Published November 20, 2006
BOGOR, Indonesia – U.S. President George W. Bush's unpopularity here in the world's most populous Muslim nation made intense security jitters and angry protests the hallmarks of Monday's six-hour trip to court Indonesian favor.
It was the second Indonesian stop of his presidency. Neither time has he spent the night, nor even more than a few hours, the result of safety concerns in a place where emotions about the Iraq war and his policies in the Middle East run hot.
Through sheets of rain, Bush flew by helicopter from the capital of Jakarta to this lush hilltop suburb for talks with Indonesian President Susilo Bambang Yudhoyono. The president and first lady Laura Bush strolled smiling up the red-carpeted steps of Bogor Palace, a graceful presidential retreat on vast grounds, signing a guest book and proceeding inside for the day's events.
From the Bush-Yudhoyono meeting and joint appearance before reporters through a discussion with moderate civic leaders and a state dinner, Bush was not interacting with the general populace or doing anything outside the palace confines.
Braced for the local reaction to the visit, thousands of police and rifle-toting soldiers patrolled Bogor's streets.
Demonstrations by Islamic hard-liners, students, housewives and taxi drivers alike have been staged every day this month, including a march by nearly 13,000 through Jakarta on Sunday where Bush was denounced as a "war criminal" and "terrorist." Thousands more marched Monday, carrying posters showing victims of violence in Iraq.
Anti-Bush protesters tried to seal off American-owned restaurants in two Indonesian cities, witnesses said, and demonstrations were held in at least 10 cities.
Bogor Police Chief Col. Sukrawardi Dahlan said authorities were investigating an unconfirmed report that a man wearing a suicide vest would infiltrate the protests. Authorities had also said that the threat of an Al Qaeda-style attack had escalated as the visit drew near. The White House said it was confident in the security precautions being taken.
For Bush, the risks of the trip were worth it to bolster Yudhoyono's anti-terror cooperation, celebrate the country's democratic advances, and try to dent anti-American sentiment.
Indonesia has about 190 million mostly moderate Muslims, the most of any country. With significant Christian, Hindu and Buddhist minorities, it has a long tradition of secularism.
But Indonesia has increasingly grappled with extremists, suffering terrorist attacks in October 2002 and October 2005 in Bali, and in Jakarta in August 2003 and September 2004.
Yudhoyono has shared intelligence about the Southeast Asian terror group Jemaah Islamiyah and overseen the arrest of hundreds of Islamic militants.
Indonesia, a country of 300 ethnic groups arrayed over thousands of islands, also is taking steps toward greater freedoms. In 1999, a democratic government replaced a pro-U.S. military dictatorship that had seized power in the 1960s.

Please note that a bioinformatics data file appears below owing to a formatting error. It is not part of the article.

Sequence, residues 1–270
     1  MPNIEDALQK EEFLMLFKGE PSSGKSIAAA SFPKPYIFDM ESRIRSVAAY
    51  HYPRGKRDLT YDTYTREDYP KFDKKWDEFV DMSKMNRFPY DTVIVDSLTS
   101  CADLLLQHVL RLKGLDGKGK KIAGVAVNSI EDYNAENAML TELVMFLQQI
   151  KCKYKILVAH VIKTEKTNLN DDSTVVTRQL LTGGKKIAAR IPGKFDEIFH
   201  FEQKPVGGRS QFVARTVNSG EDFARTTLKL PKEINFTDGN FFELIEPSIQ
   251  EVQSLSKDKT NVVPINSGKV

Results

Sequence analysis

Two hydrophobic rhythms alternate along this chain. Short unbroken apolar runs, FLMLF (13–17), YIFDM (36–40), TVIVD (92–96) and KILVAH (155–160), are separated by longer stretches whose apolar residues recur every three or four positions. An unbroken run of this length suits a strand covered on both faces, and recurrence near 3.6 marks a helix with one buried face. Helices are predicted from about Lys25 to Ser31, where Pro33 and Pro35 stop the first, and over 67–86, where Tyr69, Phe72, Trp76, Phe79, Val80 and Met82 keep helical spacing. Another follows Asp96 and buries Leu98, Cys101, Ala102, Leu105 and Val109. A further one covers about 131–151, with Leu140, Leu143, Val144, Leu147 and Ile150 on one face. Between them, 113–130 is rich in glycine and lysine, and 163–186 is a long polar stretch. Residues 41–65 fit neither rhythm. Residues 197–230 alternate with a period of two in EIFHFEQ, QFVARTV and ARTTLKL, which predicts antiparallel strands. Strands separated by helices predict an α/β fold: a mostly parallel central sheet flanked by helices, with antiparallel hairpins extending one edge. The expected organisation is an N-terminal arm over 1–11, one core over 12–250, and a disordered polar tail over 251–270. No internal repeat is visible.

Bush's visit comes near the end of an eight-day journey that included stops in Singapore and Vietnam.
When Bush last visited in 2003, talks with then-President Megawati Sukarnoputri were focused primarily on terrorism. The Sept. 11, 2001, terrorist attacks in the United States had changed the equation, and criticism over the Indonesian military's human rights record and the East Timor crisis in 1999 gave way to close ties.
Now, the president is ready to expand the discussion to ways the United States can help improve education and health and bring capital investment to this vast Southeast Asian archipelago that remains deeply poor.
With many Muslims around the world regarding his foreign policies as an affront to their faith, Bush also was eager to be seen soliciting Yudhoyono's advice about the Israeli-Palestinian dispute, the North Korean and Iranian nuclear standoffs and other world affairs.
Bush was expected to highlight America's quick dispatch of aid after the December 2004 tsunami that left 131,000 dead, 37,000 missing and 570,000 homeless in Indonesia alone -- and after a devastating earthquake in Pakistan in October 2005. He often speaks of both efforts as proof that the United States can be a compassionate friend to Muslim nations.
Yudhoyono, meanwhile, conducts an elaborate balancing act by welcoming Bush in such grand style.
He needs U.S. help combatting a bird flu outbreak that has killed 56 people -- a third of the world's total -- and in improving economic growth.
But Indonesia's first directly elected leader must avoid further angering Muslim parties and his political rivals who already accuse him of being subservient to the West.
He indicated before Bush's arrival that he would demand a timeline for the establishment of an independent Palestinian state.
And even though the Bush administration now conducts military exercises with Indonesia and has lifted a ban on selling military hardware here, Yudhoyno's government has said it would continue to buy weapons from Russia, not the United States.